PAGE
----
"Violence," said Georges Bernanos, "is the last resort of a world that refuses to judge itself." In Latin America, it has been but one of the many symptoms pointing to the lack of a proper channel for the building of a new society. There is nothing new in the appeal of violence. Characteristic of the anarchist movements so well described by Barbara Tuchman in "The Proud Tower," it resurfaced again, between the two World Wars, wearing the uniforms of Fascism and Nazism. Today, it wears a different ideological badge but still its tools continue to be force, the underground, adventuresome youth, strict sectarianism and hatred.
Despite their evolution, Latin American peoples continue to yield to the temptation of turning ideas and men into myths, perhaps as a form of escapism or evasion of the portion of personal responsibility that demands individual effort in any process of change. Thus, they run the risk of repeating the dramatic political inadequacies that marked the nineteenth century and part of this one.
In the majority of these countries, the pendulum swung from tyranny to freedom and back to tyranny with monotonous regularity. Under tyranny, freedom became an idealized dream. The magic formula was to overthrow the government and to replace it in the name of democratic principles by the savior who, by mere accession, would end outrage and right all wrongs. In a rich mythology such as ours, the savior was always near at hand.
After the "revolution" and overthrow of "the strong man" a brief period of euphoria ensued but, needless to say, the miracle never materialized and soon all the old injustices and distortions reared their ugly heads. Political immaturity could not be overcome and pipe dreams could not be fulfilled under the torrent of grievances, demands and clamors for vengeance against the old régime. The poor miracle man, the answer to everyone's prayers, could not please everyone and ended up pleasing no one. Behind all the axes to be ground, there was not enough organized collective consciousness of the fact that solutions demand more action than words, and soon again disillusionment set in.
Once again, the myth was shattered by reality, and gradually the longed-for freedom became numbness if not a threat of anarchy; and so the same people who, not long before, clamored for freedom began to fashion new dreams of "law and order" and of the "strong man" who could restore authority. The pendulum swung again, and the countries never found their true center.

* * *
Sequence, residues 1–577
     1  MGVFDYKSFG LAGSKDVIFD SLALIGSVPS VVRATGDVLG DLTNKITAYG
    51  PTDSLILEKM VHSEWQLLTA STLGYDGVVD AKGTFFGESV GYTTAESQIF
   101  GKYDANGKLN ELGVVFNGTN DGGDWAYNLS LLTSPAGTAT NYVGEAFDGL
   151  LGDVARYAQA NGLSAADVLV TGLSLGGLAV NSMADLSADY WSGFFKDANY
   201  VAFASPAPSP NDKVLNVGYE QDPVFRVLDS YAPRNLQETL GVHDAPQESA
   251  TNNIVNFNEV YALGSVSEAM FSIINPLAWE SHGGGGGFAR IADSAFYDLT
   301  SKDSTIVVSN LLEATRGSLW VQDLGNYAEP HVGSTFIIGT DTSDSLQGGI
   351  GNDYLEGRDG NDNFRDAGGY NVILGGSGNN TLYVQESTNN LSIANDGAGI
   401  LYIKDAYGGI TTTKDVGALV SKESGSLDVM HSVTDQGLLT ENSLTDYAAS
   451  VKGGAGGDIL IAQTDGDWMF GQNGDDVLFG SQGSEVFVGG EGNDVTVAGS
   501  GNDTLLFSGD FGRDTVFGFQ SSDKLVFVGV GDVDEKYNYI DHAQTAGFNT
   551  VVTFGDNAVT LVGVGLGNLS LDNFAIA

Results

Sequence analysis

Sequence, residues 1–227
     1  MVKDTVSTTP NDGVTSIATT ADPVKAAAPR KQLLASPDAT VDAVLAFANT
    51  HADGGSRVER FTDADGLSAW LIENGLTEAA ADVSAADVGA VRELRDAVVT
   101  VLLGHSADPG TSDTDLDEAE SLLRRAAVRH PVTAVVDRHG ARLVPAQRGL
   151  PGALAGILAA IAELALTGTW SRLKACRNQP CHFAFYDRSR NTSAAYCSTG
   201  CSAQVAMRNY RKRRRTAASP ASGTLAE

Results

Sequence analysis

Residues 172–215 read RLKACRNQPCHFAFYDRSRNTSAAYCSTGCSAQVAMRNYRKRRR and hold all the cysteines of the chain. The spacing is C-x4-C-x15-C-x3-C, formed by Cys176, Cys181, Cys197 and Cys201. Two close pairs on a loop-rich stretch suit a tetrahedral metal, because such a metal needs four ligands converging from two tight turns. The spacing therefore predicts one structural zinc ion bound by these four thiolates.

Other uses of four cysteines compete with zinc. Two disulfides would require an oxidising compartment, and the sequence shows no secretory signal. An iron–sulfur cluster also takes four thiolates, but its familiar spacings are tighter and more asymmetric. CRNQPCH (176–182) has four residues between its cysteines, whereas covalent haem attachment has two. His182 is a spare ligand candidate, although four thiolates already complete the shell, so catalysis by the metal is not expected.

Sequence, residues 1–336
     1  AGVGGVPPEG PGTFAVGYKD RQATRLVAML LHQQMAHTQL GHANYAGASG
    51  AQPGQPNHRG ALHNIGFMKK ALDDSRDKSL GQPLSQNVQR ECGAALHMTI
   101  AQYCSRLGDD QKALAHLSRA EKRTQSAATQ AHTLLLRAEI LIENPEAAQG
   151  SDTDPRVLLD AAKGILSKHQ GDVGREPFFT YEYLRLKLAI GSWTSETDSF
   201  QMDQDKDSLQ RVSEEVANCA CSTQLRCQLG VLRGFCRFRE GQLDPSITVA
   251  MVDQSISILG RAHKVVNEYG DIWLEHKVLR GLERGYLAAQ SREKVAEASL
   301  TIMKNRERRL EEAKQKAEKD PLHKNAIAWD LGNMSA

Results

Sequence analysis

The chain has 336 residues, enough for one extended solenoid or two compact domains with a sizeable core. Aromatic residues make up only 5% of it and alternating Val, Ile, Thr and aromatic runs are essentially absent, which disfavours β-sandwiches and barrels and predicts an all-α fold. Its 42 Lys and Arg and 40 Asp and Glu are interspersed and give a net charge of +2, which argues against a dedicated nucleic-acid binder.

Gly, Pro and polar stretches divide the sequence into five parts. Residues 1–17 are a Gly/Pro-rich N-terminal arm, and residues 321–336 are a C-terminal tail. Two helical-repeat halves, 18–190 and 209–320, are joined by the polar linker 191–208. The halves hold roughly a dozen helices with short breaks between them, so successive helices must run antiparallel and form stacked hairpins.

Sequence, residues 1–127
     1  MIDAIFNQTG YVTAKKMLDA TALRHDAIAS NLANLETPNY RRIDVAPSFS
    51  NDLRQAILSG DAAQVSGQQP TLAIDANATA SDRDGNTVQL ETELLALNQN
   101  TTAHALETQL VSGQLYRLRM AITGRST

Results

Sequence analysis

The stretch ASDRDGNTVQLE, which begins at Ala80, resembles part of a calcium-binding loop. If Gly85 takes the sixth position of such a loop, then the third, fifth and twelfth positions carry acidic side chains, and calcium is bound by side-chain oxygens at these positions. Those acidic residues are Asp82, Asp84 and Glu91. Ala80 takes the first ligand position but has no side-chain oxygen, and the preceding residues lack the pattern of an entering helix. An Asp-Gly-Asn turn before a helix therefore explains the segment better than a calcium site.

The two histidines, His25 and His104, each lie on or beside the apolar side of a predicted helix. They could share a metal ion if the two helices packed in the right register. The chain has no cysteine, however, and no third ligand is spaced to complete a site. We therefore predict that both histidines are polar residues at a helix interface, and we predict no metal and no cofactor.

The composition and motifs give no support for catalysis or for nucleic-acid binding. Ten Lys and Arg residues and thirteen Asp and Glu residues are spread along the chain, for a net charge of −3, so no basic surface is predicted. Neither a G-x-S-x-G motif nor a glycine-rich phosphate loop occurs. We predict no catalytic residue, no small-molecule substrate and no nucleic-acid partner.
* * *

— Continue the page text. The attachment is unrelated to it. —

The latest instance in this ingrained pattern is supplied by Cuba, where a movement of heroic proportions was turned by sleight of hand into a personal dictatorship, thus perverting the revolution and in the process selling the people out to a foreign power. Since this treachery cannot be concealed from the world, it is to be hoped that Latin America will soon accept the fact that there are no magic formulas. Neither myths nor ideologies can substitute for rational planning and concerted effort.
Within this context of expectations and risks, Latin America is groping its way, wooed on all sides by the Marxist-Leninist world, by Christian humanitarianism and by new forms of authoritarian nationalism. The only certain conclusion seems to be that the new Latin America will have a totally different social and economic identity.
This identity will depend largely on the area's ability to find formulas consonant with its own historical, social, geographic and human realities. The line of least resistance would be the importation of time-tested foreign solutions. There are many who feel that the only way to channel economic and social development in these countries, establish discipline, and overcome tensions that cause inaction, is to use the tools of totalitarian societies based on Marxist-Leninist ideology and technology, whose blueprints and dialectic power have great appeal, both in terms of action and thought.
These patterns, however, go against the grain of Latin Americans' irrepressible love for freedom, their respect for the human being and their profound aversion to police states and thought-control. These values are in the very marrow of Latin Americans, regardless of ideology, and since the conviction is widespread that the patterns have not worked for the socioeconomic development of the countries where they have been applied, there is no justification for their totalitarian implantation here. Unquestionably then, Latin America must find self-expression in the creation of a formula that will reflect its own identity, and reject foreign transplants or run the risk of falling under "thought-colonialism" which, in the long run, can lead only to political dependence.